Friday, April 22, 2016

Remembering Ray Gawronski.

Father Raymond T. Gawronski, S.J. died last week in California on the same day I arrived on the island of St. Thomas for my sister's wedding. Having moved to the Jesuit infirmary at Los Gatos barely a month ago after being diagnosed with Stage 4 cancer, Father Gawronski passed away at what is now considered the "young" age of 65, an age at which he was nonetheless able to look back on an interesting and varied life; as his obituary notes, Father Gawronski entered the Society of Jesus in his late twenties after "some years of various experiences," graduating from the College of the Holy Cross at the top of his class, working on Wall Street, farming in Virginia, driving a taxi in Hawaii, and earning a master's degree in world religions under the tutelage of comparative religionist Huston Smith. As a Jesuit, he studied at the Pontifical Oriental Institute and prepared for possible work in Russia but ended up doing a doctorate on the theology of Hans Urs von Balthasar and moving on to a career of teaching and spiritual direction in the United States. The news that Ray had been diagnosed with terminal cancer and had weeks to live came as a shock to the many people who knew and were influenced by him, and his death leaves a bit of unfinished business: a friend who will be ordained to the priesthood this June had expected Ray to preach at his first Mass, while someone else I know had wanted to make the Spiritual Exercises under Ray's direction this summer. I'm sure that many others are similarly bereft at the moment, and my prayers are with them as they mourn.

I can't claim to have really known Ray Gawronski, but he made a strong impression on me when we met in passing in California three summers ago. Ray's reputation preceded him even before we met; I already knew a number of people who had had him as a teacher or as a spiritual director, and I also knew that we had a common mentor in Father Tom King, whom Ray had gotten to know during his Jesuit formation. With this background, Ray Gawronski and I crossed paths at a Jesuit residence in Berkeley where we were both staying as guests; thinking that I lived there, Ray asked me where to find something in the kitchen, which unexpectedly led to a three-hour conversation on topics ranging from media perceptions of the papacy to modern Russian Orthodox theology to Polish culture. (Regarding the last topic, Ray urged me that I should learn Polish if I wanted to understand my roots and my place in the world; I regret that I've yet to realize that goal.) Ray was a force of nature, and though we never met or spoke again after that conversation in Berkeley, the impact of the encounter has lingered strongly in my memory ever since.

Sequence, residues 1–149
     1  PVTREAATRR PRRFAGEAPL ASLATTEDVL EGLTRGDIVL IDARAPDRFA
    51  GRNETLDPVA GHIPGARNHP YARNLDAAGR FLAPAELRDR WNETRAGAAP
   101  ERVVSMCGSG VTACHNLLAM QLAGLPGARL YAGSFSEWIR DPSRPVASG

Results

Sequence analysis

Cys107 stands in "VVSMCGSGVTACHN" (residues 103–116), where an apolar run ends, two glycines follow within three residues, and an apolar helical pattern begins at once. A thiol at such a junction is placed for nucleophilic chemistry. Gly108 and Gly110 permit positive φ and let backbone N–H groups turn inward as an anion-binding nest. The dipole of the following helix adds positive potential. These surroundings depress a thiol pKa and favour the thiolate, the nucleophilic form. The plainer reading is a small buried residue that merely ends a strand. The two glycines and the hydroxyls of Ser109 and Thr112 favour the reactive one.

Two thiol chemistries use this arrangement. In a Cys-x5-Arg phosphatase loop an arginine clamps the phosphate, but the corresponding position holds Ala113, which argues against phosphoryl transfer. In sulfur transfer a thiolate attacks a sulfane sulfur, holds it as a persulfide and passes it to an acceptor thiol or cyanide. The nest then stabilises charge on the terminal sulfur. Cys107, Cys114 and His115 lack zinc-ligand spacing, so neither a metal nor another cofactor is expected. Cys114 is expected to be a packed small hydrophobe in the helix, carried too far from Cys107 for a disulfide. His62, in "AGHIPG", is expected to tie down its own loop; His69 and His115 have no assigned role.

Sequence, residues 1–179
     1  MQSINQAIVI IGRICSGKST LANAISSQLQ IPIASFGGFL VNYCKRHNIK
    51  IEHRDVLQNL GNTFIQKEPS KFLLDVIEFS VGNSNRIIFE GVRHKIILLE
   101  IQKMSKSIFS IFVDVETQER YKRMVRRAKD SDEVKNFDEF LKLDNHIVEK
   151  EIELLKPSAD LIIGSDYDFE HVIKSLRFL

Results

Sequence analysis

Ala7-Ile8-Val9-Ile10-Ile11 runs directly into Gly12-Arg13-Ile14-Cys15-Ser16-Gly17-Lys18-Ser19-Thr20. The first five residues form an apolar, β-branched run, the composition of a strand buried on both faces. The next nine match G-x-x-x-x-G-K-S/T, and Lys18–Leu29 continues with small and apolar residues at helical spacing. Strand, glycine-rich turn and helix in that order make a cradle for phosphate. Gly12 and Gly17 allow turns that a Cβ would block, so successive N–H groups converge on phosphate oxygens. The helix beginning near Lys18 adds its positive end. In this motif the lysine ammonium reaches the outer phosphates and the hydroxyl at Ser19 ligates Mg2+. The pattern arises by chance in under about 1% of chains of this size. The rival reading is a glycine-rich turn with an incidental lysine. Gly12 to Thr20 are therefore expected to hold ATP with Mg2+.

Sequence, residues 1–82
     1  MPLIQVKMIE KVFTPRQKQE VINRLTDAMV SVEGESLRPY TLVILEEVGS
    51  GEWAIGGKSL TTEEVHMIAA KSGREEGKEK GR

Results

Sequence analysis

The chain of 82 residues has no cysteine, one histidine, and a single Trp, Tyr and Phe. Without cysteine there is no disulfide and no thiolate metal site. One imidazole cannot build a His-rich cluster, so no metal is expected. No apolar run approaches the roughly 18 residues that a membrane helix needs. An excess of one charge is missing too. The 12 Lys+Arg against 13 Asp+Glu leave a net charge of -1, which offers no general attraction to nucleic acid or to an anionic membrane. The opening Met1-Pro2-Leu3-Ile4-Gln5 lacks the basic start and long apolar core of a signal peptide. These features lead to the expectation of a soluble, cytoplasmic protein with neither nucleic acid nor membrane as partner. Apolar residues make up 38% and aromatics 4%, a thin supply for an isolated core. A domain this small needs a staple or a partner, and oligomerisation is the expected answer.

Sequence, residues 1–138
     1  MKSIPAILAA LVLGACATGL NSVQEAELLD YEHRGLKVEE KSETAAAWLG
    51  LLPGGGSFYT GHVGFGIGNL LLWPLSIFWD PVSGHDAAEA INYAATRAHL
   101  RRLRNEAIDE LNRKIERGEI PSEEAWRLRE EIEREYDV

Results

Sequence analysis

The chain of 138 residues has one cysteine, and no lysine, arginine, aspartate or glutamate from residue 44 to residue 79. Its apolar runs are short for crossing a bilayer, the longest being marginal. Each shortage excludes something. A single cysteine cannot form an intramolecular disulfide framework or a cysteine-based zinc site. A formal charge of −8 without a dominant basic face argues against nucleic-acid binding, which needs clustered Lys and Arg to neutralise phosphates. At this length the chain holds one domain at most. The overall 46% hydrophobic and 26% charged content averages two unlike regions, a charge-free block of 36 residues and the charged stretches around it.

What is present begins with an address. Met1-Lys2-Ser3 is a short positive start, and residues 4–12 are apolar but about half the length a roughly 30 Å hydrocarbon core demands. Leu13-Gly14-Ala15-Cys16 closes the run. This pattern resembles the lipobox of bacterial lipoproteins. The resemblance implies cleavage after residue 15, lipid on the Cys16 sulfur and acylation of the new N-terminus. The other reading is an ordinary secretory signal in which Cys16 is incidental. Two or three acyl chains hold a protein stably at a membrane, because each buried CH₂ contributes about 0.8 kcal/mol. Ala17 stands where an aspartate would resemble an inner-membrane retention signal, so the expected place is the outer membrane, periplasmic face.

For an introduction to Father Ray Gawronski, his personality, his interests, and his characteristic emphases, one could do well to watch a lecture he gave in May 2014 at the Lumen Christi Institute in Chicago on "St. John Paul II and the Polish Catholic Experience" - or, to give the alternate title which Ray suggests in the lecture itself, "St. John Paul II and the Polish Hermeneutic." In any case, the mention of St. John Paul II at the start of both titles may be somewhat misleading, as the lecture focuses much more on the distinctive elements of the Polish Catholic experience over the centuries than on the life of Karol Wojtyła. Ray's love for Poland and insight into its culture are amply displayed here, as are the breadth of his learning and his love for the Church. Listening to this lecture again, I pray that Ray Gawronski will continue to inspire others, particularly through those whom he mentored in the intellectual and spiritual life. AMDG.

Saturday, April 16, 2016

An island wedding.

This post comes to you from Saint Thomas in the United States Virgin Islands, which I'm visiting for my sister's wedding. To mark the event officially on this blog, I'd like to share some island wedding music by recently deceased English composer Peter Maxwell Davies. Premiered by the Boston Symphony Orchestra in 1985, An Orkney Wedding, with Sunrise was apparently inspired by a real wedding Davies attended in the Orkney Islands north of Scotland, with the various shifts in the music reflecting different phases of a riotously festive celebration. Among other things, this composition is one of very few pieces for classical orchestra that features a bagpipe solo. The recording featured here includes piper George MacIlwham as soloist, with Peter Maxwell Davies himself conducting the Royal Philharmonic Orchestra.

Best wishes to all readers, with a special hope that those in Toronto and other northern climes may soon enjoy warmer weather. AMDG.